2.3 Grazing pressure and characteristics survey
While we used the distance from water points as a surrogate of grazing pressure, we also conducted in situ assessments of recent and historical grazing pressure to verify the presence of a grazing gradient at each site and to obtain alternative estimates of grazing pressure, which were used to test the suitability of the BIODESERT sampling design (see Maestre et al., 2022, for a validation of grazing pressure estimates).
2.3.1 Measuring recent grazing pressure using dung/pellet counts and mass
To assess recent grazing pressure, we identified and counted the dung or pellets of all herbivores, an approach widely used to estimate the abundance of wild herbivores and livestock, including cattle, sheep, deer, kangaroos and other large mammalian herbivores such as giraffes, across terrestrial ecosystems (Plumptre and Harris, 1995; Piana and Marsden, 2014; Bisigato and Bertiller, 1997; Marques et al., 2001; Miyashita et al., 2008; Johnson and Jarman, 1987). Within each 45 m transect surveyed, we placed two 25 m2 (5 m × 5 m; if the plot was grazed by large herbivores such as cattle, buffalo or horses) or 1 m2 (1 m × 1 m; if the plot was grazed by small herbivores such as goats and sheep) quadrats at 10 m and 30 m along the transect length (eight quadrats per site, Fig. 4c). We counted the dung or pellets of all herbivores (cattle, sheep, goat, kangaroo, rabbit, antelope, zebra, elephant, etc.) within these quadrats and identified the animal responsible for the dung or pellets. To identify the source of dung/pellets, we used available field guides to identify dung in different regions (e.g., antelope spp. in Africa, Hesse, 1954, or different herbivores in Australia, Triggs, 2004). It was not possible, however, to separate in all cases the identity of the dung of sheep and goats (except where they occurred separately) largely because of the high degree of overlap in their morphological features (Landsberg et al., 1994).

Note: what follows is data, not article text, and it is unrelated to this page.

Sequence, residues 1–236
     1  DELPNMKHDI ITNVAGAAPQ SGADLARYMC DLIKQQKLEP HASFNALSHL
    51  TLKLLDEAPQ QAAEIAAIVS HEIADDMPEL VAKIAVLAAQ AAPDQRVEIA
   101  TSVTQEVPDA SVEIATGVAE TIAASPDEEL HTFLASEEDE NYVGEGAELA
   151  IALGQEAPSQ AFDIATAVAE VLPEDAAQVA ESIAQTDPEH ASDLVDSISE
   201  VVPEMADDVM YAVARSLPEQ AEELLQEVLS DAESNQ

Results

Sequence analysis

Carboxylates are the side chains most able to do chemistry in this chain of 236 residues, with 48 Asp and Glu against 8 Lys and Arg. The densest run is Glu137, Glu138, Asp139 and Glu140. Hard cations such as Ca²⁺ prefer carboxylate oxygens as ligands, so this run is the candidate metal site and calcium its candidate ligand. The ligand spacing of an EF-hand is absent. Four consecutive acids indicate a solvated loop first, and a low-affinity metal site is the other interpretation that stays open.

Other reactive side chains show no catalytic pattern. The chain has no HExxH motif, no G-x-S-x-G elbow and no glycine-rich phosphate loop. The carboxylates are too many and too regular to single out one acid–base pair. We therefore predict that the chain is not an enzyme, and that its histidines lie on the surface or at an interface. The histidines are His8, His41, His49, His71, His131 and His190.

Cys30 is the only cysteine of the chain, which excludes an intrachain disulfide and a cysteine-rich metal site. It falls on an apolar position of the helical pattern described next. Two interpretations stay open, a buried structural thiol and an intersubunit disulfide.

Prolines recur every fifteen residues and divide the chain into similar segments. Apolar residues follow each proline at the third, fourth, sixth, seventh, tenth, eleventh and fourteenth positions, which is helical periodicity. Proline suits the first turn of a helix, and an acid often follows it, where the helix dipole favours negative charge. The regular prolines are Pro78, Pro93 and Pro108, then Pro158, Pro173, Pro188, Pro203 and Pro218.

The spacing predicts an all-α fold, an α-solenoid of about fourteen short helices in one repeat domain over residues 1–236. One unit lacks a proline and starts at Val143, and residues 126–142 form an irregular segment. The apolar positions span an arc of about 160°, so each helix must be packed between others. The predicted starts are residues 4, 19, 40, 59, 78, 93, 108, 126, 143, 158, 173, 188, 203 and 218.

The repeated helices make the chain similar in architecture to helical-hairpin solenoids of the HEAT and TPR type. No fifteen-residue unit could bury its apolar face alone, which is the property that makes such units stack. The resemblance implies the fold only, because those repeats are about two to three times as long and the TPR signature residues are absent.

At each plot, we calculated dung/pellet mass using either direct measurements or estimates using dung/pellet counts. In some plots we collected, dried and weighed all dung (or pellets) found in the quadrats and expressed it as a mass per square meter for each plot and herbivore type. This was typically done where dung mass was low or where the main herbivores did not produce clearly defined pellets (such as horses, cattle, donkeys, giraffe, elephants, buffalo, camels, hartebeest, wildebeest and zebra). Alternatively, we counted dung and pellets of each herbivore in all quadrats but collected it from four large (25 m2) or small (1 m2) quadrats (depending on herbivore type) to derive relationships between dung counts and dung mass for separate herbivore types. This estimation technique is highly effective for those herbivores that produce pellets (e.g., goats, sheep, deer, rabbits, hares or various antelope species). Typical relationships between dung/pellet counts and mass varied between herbivore types and site but were typically strong (see examples in Maestre et al., 2022). Thus, using either direct assessment of dung mass or estimated measures, we were able to calculate the total oven-dried mass of dung per hectare for each herbivore as one measure of recent grazing pressure.
2.3.2 Measuring historic grazing pressure